The findings support provision of respite care for mentally ill people in China, "that gives family members some distance from the problems of their relatives and support in their care," the researchers concluded.

Sunday, 27 July 2014

This week's top eight health stories from China

1. Leptospirosis rates in China have gradually decreased in recent years, but it is still an important zoonotic infectious disease, say researchers. The development of  vaccines is critical for the prevention and control of  the disease that is spread by infected pigs, they say.

2. The popular Chinese habit of napping is associated with higher rates of glycaemia and a higher risk of diabetes, according to endocrinologists from the Ningde Municipal Hospital, Fujian Medical University.

3. China is still harvesting organs from executed prisoners, making a mockery of the recent "Hangzhou Declaration" which signalled intent to give up this unethical practice, say transplant surgeons from the UK, US and Australia in an article in the American Journal of Transplantation.

4. A Changsha man vowed to kill doctors at a hospital where he was diagnosed with hepatitis, but his plot was foiled when his wife found his 'suicide note' and reported him to police before he was able to carry out the attack.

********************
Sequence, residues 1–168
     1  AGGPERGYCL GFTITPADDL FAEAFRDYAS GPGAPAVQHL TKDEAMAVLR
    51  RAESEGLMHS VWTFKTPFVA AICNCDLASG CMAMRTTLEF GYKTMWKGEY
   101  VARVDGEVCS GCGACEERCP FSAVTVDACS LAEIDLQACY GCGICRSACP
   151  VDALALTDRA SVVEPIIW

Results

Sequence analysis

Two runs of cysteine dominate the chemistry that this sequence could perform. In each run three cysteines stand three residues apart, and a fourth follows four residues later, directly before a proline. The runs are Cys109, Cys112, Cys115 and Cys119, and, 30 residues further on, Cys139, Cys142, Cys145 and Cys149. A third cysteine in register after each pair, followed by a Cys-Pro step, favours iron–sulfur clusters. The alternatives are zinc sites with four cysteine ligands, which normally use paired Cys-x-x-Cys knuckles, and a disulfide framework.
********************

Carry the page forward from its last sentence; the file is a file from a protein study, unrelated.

5. The TV medical drama "The Obstericians" was broadcast in Shandong accompanied by an SMS response forum on which members of the public could post questions to real obstetricians who were consultants to the programme makers.

6. Infections with West Nile Virus in Xinjiang may have been greatly underestimated say researchers from the National Institute for Viral Disease Control and Prevention, who found that many  patients might have been given misdiagnoses of the mosquito-borne infection with Japanese encephalitis because of cross-reactivity between the two viruses.

7. Beijing authorities are holding open forums on the scope of new anti-smoking regulations, debating how to extend them in public spaces such as schools, hospitals and workplaces. The Centre for Disease Control has lobbied for strict restrictions and enforcement, noting that 20% of school students have tried smoking.

8. Children at risk of intestinal worm infections caused by helminth parasites responded well to a trial of health education in Hunan schools, which improved knowledge and awareness, and changed hygiene behaviour.